Day 9: Save Inside Of A Taxable Account
Do not forget to save inside of a taxable account. Spread your money into all 3 major savings “buckets.”
A taxable account helps give you access to money. Make sure you watch out for income producing assets and actively managed funds.
While a taxable account can help give you access to money, you don’t want to leak too much of your return to your 1099 income taxation.
Day 10: Don't Forget The Line Of Credit
Lines of credit are wonderful because they give you access to money. We often think of having a line of credit on our home. However, do not forget about having a line of credit on your taxable brokerage/ managed account. You can potentially collateralize your taxable account. In many cases, it is more advantageous to borrow money as opposed to sell an investment and trigger a tax bill.
Risks to consider: Margin calls and/or liquidation of securities, Amplified losses if the securities in your account decline in value, Losses greater than the original investment are possible, Interest rates may rise, increasing the cost of your loan.
Day 11: Evaluate Permanent Insurance
Permanent insurance can be extremely controversial. Some areas to consider using permanent life insurance:
🎄 Leaving a legacy – a 2nd to die life insurance policy can be an amazing way to leave a federally and state tax free death benefit to loved ones. Not designed to build cash value, but to leave the maximum amount of death benefit for premium paid.
🎄 Funding Future Health Care Costs – hybrid life insurance policies with long-term care or chronic illness riders have some benefits than purchasing a traditional long-term care policy. With hybrid policies, they can be established with a level premium and non-reducing benefits. The downside to traditional long-term care can be rising premiums or reduced benefits over time.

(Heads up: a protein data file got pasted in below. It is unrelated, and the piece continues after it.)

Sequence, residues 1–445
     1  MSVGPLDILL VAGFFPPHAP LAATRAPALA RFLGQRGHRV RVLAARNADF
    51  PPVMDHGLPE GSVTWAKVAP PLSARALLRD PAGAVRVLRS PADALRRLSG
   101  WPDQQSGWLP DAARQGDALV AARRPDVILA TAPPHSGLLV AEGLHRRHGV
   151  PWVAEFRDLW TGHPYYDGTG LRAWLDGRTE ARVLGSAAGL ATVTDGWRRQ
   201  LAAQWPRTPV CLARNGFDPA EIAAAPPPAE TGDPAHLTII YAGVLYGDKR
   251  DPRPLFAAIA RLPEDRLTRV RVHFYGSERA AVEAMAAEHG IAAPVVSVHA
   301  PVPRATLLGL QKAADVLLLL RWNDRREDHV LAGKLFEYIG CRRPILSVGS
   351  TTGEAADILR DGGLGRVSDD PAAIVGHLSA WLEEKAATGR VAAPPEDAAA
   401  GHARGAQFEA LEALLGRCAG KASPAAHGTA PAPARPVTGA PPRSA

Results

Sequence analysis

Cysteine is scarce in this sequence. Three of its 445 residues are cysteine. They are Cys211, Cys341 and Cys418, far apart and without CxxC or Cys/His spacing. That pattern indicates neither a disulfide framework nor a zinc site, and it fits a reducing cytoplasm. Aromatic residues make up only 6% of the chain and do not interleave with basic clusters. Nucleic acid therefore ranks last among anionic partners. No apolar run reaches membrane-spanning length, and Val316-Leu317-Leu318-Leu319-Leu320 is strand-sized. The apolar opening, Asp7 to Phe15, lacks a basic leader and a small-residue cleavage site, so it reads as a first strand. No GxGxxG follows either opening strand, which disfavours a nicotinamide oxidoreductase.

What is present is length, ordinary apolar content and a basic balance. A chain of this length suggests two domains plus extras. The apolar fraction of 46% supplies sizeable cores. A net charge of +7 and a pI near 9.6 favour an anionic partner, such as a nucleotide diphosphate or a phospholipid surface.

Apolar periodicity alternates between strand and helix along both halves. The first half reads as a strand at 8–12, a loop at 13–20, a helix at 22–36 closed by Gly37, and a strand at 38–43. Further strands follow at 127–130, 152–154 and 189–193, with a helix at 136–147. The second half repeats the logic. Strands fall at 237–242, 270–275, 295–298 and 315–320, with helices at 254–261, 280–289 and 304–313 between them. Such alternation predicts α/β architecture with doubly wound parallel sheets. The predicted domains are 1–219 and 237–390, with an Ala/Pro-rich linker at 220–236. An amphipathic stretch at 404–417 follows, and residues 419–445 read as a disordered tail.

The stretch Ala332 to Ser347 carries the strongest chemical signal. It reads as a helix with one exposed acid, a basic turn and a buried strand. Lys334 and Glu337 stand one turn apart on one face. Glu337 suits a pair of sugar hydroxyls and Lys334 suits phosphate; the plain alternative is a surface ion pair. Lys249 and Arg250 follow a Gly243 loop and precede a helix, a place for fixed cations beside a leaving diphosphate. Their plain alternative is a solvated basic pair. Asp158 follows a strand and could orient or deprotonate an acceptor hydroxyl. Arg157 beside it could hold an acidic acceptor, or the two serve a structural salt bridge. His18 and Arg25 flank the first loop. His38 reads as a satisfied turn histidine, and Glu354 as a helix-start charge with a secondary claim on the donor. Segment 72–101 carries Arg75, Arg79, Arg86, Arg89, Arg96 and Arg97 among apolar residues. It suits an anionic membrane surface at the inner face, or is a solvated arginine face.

🎄 Cash Value Accumulation – funded and designed correctly, this can be a way to build cash value with returns non-correlated to the rest of your portfolio. Funds can potentially be borrowed without triggering any tax obligations. This can be a great way to access cash in case of a bear market. After all, you never want to sell your stocks into weakness.
Riders are additional guarantee options that are available to an annuity or life insurance contract holder. While some riders are part of an existing contract, many others may carry additional fees, charges and restrictions, and the policy holder should review their contract carefully before purchasing. Insurance guarantees are based on the claims paying ability of the issuing insurance company. Loans from a life insurance policy may be subject to penalties and fees and, along with any accrued loan interest, will reduce the policy’s account value and death benefit. A policy loan could result in tax consequences if the policy lapses or is surrendered while a loan is outstanding
Day 12: Keep Pre-Tax Investments Under $630,000
Pre-tax investment dollars are a wonderful part of a diversified portfolio. I encourage you to try to keep your balances under $630,000. Try to convert dollars about $630,000 to Roth IRA’s for tax diversification or beginning putting additional dollars into other “buckets.”
Why $630,000? A 4% distribution from $630,000 is $25,200. The standard deduction for 2021 just happens to be $25,200.
The distribution of $25,200 could be offset by the standard deduction. It’s not what you make, but what you keep.
Roth IRA conversion considerations primarily include income tax consequences on the converted amount in the year of conversion.